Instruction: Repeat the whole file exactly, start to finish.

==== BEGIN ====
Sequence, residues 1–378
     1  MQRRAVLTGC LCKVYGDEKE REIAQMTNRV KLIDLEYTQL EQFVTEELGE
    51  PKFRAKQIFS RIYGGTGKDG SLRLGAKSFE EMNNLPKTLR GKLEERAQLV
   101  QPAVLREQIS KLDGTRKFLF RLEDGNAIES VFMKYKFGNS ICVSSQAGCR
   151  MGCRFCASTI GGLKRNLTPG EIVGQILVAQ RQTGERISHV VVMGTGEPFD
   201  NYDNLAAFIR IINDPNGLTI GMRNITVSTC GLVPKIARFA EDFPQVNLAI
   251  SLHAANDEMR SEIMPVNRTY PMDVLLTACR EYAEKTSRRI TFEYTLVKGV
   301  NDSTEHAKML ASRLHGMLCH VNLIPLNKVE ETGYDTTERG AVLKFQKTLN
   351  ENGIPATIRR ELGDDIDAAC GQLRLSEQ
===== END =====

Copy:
Sequence, residues 1–378
     1  MQRRAVLTGC LCKVYGDEKE REIAQMTNRV KLIDLEYTQL EQFVTEELGE
    51  PKFRAKQIFS RIYGGTGKDG SLRLGAKSFE EMNNLPKTLR GKLEERAQLV
   101  QPAVLREQIS KLDGTRKFLF RLEDGNAIES VFMKYKFGNS ICVSSQAGCR
   151  MGCRFCASTI GGLKRNLTPG EIVGQILVAQ RQTGERISHV VVMGTGEPFD
   201  NYDNLAAFIR IINDPNGLTI GMRNITVSTC GLVPKIARFA EDFPQVNLAI
   251  SLHAANDEMR SEIMPVNRTY PMDVLLTACR EYAEKTSRRI TFEYTLVKGV
   301  NDSTEHAKML ASRLHGMLCH VNLIPLNKVE ETGYDTTERG AVLKFQKTLN
   351  ENGIPATIRR ELGDDIDAAC GQLRLSEQ